While the wreck was certainly bad most fans figured that Franchitti would heal and return to his big box retailer sponsored car next season.

After all, that is what drivers do they get back on that horse that threw them, or in this case the car with all that horsepower that they crashed in.

If someone had approached me that October afternoon when I was standing in Victory Circle and told me that I was witnessing the last race of Dario Franchitti’s career I would have likely said that they were crazy.

After all, Franchitti had wrecked his car before and returned. He even returned to the car after attending the funeral of one of his closest friends, Dan Wheldon, who was killed in the season finale last year in Las Vegas.

Racers put their lives on the line every time they strap into their cars and know deep down that each lap could be their last. That is just in their nature and is part of the formula that makes them who they are.

For years it has also been part of the formula for athletes in all professional sports to not show weakness or anything that suggests anything less than invincibility.

NASCAR driver Ricky Rudd once drove an entire race with his eyelids taped open following a wreck the previous week.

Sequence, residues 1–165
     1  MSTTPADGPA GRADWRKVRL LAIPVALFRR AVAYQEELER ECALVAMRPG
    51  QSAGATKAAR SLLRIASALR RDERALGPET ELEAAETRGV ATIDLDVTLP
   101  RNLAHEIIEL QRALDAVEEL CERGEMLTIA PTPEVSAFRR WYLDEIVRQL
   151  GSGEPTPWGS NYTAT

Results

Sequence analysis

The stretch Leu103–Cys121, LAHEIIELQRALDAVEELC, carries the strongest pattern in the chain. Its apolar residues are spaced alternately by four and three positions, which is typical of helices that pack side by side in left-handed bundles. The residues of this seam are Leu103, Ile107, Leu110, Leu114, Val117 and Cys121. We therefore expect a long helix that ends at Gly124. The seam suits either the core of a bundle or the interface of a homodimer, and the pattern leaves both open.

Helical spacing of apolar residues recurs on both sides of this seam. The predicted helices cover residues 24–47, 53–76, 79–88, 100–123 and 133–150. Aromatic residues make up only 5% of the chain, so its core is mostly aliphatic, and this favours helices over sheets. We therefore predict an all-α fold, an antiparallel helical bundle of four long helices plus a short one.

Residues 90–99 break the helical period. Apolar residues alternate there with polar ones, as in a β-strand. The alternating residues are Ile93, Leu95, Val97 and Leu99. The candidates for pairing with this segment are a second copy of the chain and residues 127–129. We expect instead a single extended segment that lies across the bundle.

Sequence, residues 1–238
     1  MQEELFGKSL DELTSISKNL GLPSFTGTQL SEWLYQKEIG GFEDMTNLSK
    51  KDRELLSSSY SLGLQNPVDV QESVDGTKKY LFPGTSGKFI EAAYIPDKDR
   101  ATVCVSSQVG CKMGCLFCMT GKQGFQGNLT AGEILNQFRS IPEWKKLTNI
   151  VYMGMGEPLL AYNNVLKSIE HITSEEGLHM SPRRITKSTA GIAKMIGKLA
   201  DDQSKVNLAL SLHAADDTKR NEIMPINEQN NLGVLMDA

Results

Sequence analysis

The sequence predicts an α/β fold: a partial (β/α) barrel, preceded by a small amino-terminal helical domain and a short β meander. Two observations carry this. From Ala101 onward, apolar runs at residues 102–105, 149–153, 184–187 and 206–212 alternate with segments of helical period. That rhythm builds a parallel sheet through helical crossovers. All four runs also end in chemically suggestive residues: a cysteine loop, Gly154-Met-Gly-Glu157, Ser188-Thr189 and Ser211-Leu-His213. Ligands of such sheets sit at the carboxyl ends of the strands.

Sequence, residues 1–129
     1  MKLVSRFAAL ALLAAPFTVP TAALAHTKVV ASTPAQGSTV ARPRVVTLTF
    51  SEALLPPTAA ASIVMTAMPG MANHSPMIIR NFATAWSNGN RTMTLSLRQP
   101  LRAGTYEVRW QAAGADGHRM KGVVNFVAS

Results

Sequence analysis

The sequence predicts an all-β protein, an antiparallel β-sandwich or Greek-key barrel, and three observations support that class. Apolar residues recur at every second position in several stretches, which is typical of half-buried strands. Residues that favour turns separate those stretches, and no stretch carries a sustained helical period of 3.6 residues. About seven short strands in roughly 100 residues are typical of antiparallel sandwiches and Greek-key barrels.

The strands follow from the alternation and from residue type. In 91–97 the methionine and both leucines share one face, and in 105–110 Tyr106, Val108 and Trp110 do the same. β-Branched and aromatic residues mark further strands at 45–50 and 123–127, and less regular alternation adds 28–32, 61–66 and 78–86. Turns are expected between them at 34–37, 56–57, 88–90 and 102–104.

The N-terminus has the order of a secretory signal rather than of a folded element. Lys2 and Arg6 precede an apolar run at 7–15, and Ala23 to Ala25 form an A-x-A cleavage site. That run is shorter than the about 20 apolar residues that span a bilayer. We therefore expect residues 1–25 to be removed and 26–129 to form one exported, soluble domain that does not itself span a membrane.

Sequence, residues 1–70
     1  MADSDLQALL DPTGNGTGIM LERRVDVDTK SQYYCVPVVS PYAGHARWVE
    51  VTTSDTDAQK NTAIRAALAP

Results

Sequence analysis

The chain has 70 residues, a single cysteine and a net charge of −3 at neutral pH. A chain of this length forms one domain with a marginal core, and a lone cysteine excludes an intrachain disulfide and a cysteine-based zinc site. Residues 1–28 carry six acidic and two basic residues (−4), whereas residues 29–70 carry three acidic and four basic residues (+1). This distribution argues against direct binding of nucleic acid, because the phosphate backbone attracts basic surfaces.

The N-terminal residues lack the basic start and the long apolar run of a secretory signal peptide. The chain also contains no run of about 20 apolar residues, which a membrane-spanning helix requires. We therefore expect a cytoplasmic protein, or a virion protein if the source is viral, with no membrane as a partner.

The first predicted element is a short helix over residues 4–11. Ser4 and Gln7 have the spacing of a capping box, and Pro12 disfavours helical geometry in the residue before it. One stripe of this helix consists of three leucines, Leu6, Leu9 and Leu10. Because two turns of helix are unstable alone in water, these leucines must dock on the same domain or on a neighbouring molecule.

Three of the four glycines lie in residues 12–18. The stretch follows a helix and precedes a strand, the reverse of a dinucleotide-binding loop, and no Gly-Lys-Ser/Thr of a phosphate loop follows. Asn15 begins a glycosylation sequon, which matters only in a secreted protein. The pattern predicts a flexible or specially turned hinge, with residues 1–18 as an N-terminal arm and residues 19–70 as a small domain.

A bad weekend at the Grand Prix of Houston ended Helio Castroneves' (front) championship hopes and a last lap wreck ended Dario Franchitti's (rear) career. Photo R. Anderson

A bad weekend at the Grand Prix of Houston ended Helio Castroneves’ (front) championship hopes and a last lap wreck ended Dario Franchitti’s (rear) career.
Photo R. Anderson

Countless football players through the years have played with broken bones and other ailments that would keep most anyone else confined to the couch at home.

Some athletes really do feel that they are invincible and others feel that showing any weakness or not getting right back into competition opens the door for someone to take their place.

Adding to the pressure are the fans who expect their star athletes to do all of this and more in the name of entertaining them.

But in recent years as more and more science has gone into studying the long term effects of people taking repeated hits to the head there have been a growing number of athletes who have quit at their prime to look at the big picture.

Just this year several NFL players have walked away from the game citing the risk to their future quality of life as the reason behind it.

Fans at the Grand Prix of Houston were able to watch efforts to remove Dario Franchitti from his crashed car on large monitors around the speedway. It was announced yesterday that those will be the last images ever of Dario Franchitti in an Indy Car after doctors warned him of the potential for further injury is he continued to drive. Photo R. Anderson